By Kimber Lanning
Arizona is the most underserved state in the country in terms of community banks per capita. There are only 15 institutions located in the state and six counties have no locally controlled banks at all. Local First Arizona is gearing up for Community Banking Month in April during which time we will continue our efforts to encourage Arizonans to move their money to community banks to increase local lending and improve our state’s resiliency before the next major economic downturn strikes.
The lack of locally controlled deposits limits the available capital for local businesses. This particularly affects small and start-up businesses, which account for the majority of jobs in Arizona. Community banks provide a traditional approach to banking with a focus on using local deposits to reinvest in the local community through lending. As such, they are also strong supporters of entrepreneurship. They take a relationship-based approach to customer service and are characterized by local ownership and local decision making.
Fundamentally, community banks focus on providing traditional banking services in their local communities. They obtain most of their deposits locally and primarily make loans to local businesses. Community banks are built on long-term personal relationships with their customers. Given their smaller size and local focus, they have detailed knowledge of their communities and their customers. Because of this, community banks tend to be more open to basing credit decisions on nonstandard data obtained through long-term relationships, as opposed to formula-based underwriting criteria used by larger banks. On average, 47 percent of loans at community banks in Arizona in 2016 were to small businesses versus only 14 percent at large banks.
The lack of community banks in Arizona is evidenced by the share of deposits held by large national banks in this market. Although 92 percent of banks in the U.S. are community banks, four large national banks hold 43 percent of deposits. In Arizona, where three of these large national banks operate (Chase, Wells Fargo and Bank of America), the largest national banks hold 70 percent of deposits, other non-community banks hold 23 percent, and locally controlled banks account for only 7 percent of deposits statewide. This creates a gap in local capital markets that may be limiting the expansion potential for small businesses in Arizona and creating a drag on overall economic growth in the state.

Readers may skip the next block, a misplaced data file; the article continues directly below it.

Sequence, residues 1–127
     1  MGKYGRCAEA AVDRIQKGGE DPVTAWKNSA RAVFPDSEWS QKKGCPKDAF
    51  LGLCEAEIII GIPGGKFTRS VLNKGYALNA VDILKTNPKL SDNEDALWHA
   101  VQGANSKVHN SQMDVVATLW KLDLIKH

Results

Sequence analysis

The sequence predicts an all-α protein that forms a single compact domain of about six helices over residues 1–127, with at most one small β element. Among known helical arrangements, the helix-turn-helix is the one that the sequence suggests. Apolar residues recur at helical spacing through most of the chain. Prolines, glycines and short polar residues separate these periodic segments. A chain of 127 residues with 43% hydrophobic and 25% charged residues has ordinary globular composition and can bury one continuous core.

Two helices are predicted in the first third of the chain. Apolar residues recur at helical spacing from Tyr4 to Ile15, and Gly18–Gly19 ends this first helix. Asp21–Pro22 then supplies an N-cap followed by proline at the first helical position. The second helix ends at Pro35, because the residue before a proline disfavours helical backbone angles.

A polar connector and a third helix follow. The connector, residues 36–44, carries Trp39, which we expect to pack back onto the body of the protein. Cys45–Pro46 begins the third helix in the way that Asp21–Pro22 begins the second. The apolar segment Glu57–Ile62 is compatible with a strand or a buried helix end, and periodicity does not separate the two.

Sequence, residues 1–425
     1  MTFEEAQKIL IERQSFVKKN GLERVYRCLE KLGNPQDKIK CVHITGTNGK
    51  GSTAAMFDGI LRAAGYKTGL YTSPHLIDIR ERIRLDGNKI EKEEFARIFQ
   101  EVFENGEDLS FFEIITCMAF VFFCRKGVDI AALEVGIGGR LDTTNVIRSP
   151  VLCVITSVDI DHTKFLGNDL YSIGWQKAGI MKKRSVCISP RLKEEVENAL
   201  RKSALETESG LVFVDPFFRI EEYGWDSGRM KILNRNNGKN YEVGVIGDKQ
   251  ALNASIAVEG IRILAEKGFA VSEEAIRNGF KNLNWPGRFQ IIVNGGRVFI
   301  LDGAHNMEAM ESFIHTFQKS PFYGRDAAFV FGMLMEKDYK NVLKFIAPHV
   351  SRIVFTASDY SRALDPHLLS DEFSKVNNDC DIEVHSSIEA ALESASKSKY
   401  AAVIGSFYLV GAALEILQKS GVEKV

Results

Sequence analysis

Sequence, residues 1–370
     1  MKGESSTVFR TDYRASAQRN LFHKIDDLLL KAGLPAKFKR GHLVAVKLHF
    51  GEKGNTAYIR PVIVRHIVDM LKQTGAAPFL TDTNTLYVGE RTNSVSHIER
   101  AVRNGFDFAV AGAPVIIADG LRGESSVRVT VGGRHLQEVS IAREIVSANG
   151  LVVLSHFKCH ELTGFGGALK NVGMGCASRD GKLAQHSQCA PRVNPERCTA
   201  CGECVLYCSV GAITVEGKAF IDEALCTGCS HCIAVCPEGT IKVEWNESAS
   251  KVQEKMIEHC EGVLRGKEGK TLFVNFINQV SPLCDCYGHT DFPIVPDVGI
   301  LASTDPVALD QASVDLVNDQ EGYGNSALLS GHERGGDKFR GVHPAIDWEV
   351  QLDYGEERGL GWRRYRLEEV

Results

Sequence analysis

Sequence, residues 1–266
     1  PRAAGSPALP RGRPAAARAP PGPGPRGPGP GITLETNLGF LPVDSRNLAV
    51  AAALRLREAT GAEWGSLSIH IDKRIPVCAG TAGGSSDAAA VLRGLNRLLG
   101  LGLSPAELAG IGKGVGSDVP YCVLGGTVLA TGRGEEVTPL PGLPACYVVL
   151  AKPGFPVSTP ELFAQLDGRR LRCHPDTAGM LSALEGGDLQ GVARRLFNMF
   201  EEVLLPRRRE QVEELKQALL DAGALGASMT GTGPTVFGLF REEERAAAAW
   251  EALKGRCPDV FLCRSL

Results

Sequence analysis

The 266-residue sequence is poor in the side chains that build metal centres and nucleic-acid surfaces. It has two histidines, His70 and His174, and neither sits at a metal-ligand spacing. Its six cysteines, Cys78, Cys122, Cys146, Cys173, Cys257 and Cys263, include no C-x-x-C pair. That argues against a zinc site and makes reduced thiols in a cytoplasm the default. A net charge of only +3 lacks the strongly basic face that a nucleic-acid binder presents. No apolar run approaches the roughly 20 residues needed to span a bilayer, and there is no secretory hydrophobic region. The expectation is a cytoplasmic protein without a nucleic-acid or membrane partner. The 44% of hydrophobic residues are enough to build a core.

The good news is, thanks to individuals and businesses moving their money into local banks, the market share for locally controlled banks has increased by 3 percent over the past three years.
Consolidation has had the greatest effect on the largest and smallest banking institutions. Over the past 20 years, consolidations, in concert with policies that favor the biggest banks, have caused significant growth of the largest banks and a decline in the number of locally controlled community banks. But there is something residents can do: we can grow the size of the community banks’ share by moving our money to them.
A defining characteristic of community banks is their focus on traditional deposit and lending activities. One of the major trends that has occurred in community bank lending over the past 20 years has been the shift away from mortgages and credit cards toward commercial lending and in particular toward secured commercial real estate loans. At the same time, big banks were shifting in the opposite direction, away from commercial lending toward credit cards and mortgages. Of the largest banks in Arizona, Chase lends the most to small businesses, but those loans amount to just 6 percent of their overall portfolio here.
If you love your state, the smartest thing you can do is move your money to a locally controlled bank so you can be sure you’re supporting the growth of new businesses and jobs here in Arizona. At Local First, we know the task can be daunting, so we’ve created a handy checklist to be sure you don’t forget anything when you decide to find a new home for your hard-earned dollars. Make your money work to build a better state by keeping it in the hands of Arizona’s local banks!
Kimber Lanning is the executive director of Local First Arizona and the Local First Arizona Foundation.